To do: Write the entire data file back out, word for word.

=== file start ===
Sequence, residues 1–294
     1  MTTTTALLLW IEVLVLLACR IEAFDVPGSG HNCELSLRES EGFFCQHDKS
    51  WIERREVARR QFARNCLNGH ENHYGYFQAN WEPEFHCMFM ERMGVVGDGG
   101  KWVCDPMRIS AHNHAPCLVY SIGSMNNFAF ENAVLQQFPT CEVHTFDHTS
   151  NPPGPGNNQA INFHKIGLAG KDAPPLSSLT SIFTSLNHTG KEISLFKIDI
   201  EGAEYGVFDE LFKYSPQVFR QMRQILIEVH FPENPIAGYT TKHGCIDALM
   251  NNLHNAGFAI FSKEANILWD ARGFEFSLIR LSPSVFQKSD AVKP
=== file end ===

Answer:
Sequence, residues 1–294
     1  MTTTTALLLW IEVLVLLACR IEAFDVPGSG HNCELSLRES EGFFCQHDKS
    51  WIERREVARR QFARNCLNGH ENHYGYFQAN WEPEFHCMFM ERMGVVGDGG
   101  KWVCDPMRIS AHNHAPCLVY SIGSMNNFAF ENAVLQQFPT CEVHTFDHTS
   151  NPPGPGNNQA INFHKIGLAG KDAPPLSSLT SIFTSLNHTG KEISLFKIDI
   201  EGAEYGVFDE LFKYSPQVFR QMRQILIEVH FPENPIAGYT TKHGCIDALM
   251  NNLHNAGFAI FSKEANILWD ARGFEFSLIR LSPSVFQKSD AVKP